physicsexam3 - Chapter 24 - ray optics (also called...

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Chapter 24 - ray optics (also called geometrical optics) - in the ray optics approximation, light travels along straight lines called rays. These rays change direction when light is reflected or refracted. Ray optics gives an accurate description of light propagation when light passes through openings or strikes objects that are large compared to its wavelength. - reflection and refraction ( see pictures in notebook ) - for reflection and refraction, we measure the direction of a ray using the angle θ made by the ray with the direction normal (perpendicular) to the surface of interest. According to the law of reflection, the angle of incidence is equal to the angle of reflection: θ I = θ r . Refraction is described by Snell’s law, n 1 sin θ 1 = n 2 sin θ 2 where the index of refraction n=c/v is the ration of the speed of light in a vacuum (c) to the speed of light in the refracting material (v). By applying the law of reflection and Snell’s law, we can calculate how light interacts with plane mirrors, curved mirrors, lenses, and other refracting objects such as flat plates and water droplets. - ray tracing ( see pictures in notebook and book) - ray tracing is the process of using light rays that emanate from an object to derive the location and other properties of an image. Important properties of an image include the following: - real image: light from the object passes through the image point - virtual image: light rays do not pass through the image point. The image point is found by extrapolating rays back to a common point behind a mirror or in front of a lens - upright image: the image has the same orientation as the object - inverted image: the image is upside down compared with the object - enlarged image: the image is larger than the object (the magnification is |m| > 1) - reduced image: the image is smaller than the object (|m| < 1) - magnification: the ratio of the image height h i to the object height h o - m = h i /h o - according to our sign conventions for h 1 and h 0 , the magnification can be either positive or negative (see pages 813-14 and 820) - mirror equation: relates the object distance, the image distance, and the focal length for a curved mirror - 1/s o + 1/s i = 1/f - for a concave spherical mirror, f is given by: f=R/2 where R is the radius of curvature. For a convex spherical mirror, f has the same magnitude, but is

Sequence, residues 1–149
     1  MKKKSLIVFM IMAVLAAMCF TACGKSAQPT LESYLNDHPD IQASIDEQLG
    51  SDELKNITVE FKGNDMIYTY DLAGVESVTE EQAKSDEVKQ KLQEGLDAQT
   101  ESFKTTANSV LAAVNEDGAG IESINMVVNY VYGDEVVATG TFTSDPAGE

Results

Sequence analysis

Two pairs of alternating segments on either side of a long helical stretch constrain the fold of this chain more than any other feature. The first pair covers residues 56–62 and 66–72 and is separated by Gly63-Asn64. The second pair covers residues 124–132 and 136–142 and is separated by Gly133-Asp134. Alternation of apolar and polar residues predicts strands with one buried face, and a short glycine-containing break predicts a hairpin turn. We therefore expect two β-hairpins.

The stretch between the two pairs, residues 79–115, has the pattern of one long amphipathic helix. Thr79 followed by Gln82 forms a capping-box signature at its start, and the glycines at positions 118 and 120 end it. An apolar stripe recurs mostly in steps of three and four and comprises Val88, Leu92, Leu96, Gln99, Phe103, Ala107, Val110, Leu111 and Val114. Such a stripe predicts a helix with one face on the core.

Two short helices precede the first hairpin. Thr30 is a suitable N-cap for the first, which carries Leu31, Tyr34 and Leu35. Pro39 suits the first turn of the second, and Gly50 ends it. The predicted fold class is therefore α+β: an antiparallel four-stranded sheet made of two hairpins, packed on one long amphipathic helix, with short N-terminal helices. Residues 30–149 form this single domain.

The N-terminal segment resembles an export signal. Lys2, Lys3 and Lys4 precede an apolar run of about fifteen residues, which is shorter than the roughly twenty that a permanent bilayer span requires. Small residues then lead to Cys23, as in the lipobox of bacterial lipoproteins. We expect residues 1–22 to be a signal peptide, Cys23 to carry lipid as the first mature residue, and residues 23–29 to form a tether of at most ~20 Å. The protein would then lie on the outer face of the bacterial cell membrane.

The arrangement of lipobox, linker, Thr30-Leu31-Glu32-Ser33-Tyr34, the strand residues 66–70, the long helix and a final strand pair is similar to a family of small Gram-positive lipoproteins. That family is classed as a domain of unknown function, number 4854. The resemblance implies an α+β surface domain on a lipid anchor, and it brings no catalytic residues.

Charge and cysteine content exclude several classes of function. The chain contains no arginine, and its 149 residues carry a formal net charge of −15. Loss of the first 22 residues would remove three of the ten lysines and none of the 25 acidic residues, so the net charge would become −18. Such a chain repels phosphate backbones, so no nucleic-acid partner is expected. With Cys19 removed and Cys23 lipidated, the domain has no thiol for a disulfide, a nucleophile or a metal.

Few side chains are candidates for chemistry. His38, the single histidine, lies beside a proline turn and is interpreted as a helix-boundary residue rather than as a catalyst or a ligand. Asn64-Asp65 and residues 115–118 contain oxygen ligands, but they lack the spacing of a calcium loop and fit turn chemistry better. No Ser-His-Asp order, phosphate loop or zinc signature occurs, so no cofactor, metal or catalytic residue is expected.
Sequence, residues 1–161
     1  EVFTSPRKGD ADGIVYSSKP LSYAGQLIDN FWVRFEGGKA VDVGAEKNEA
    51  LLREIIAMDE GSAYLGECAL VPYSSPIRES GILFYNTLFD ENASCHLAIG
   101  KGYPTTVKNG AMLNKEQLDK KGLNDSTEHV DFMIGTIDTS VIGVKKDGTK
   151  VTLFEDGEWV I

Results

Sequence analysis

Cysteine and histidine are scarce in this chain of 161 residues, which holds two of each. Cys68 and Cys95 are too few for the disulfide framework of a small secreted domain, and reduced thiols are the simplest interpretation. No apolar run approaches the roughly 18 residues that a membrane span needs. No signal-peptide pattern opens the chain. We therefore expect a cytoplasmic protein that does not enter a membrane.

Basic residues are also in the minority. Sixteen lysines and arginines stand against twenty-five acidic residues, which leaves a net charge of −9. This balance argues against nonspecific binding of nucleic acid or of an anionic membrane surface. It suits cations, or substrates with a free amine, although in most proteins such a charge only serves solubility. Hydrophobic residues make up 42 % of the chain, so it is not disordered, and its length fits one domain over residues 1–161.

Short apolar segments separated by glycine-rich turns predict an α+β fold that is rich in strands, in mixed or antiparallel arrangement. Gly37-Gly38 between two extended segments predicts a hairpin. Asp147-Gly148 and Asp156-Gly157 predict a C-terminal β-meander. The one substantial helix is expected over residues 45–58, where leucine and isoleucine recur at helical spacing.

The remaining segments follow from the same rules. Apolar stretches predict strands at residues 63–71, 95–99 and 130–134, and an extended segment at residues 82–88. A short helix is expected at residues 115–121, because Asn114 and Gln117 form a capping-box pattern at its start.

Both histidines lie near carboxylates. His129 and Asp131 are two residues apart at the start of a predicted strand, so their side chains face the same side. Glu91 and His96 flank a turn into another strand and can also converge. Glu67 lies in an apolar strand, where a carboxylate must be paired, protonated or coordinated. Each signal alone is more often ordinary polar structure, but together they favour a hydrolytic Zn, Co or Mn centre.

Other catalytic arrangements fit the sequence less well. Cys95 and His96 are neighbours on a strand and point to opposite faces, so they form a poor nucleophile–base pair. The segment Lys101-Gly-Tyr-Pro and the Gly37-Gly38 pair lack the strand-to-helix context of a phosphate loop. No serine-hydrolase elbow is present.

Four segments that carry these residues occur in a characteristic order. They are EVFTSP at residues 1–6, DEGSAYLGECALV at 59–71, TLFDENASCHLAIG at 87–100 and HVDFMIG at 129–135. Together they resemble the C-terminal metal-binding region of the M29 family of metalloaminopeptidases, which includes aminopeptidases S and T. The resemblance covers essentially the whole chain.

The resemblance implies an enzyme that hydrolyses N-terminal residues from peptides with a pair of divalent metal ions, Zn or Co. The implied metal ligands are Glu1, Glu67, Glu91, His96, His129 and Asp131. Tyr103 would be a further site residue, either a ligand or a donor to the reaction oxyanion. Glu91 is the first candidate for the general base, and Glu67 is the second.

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This note was uploaded on 02/29/2012 for the course PHYSICS 104 taught by Professor Dasu/karle during the Fall '11 term at Wisconsin.

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physicsexam3 - Chapter 24 - ray optics (also called...

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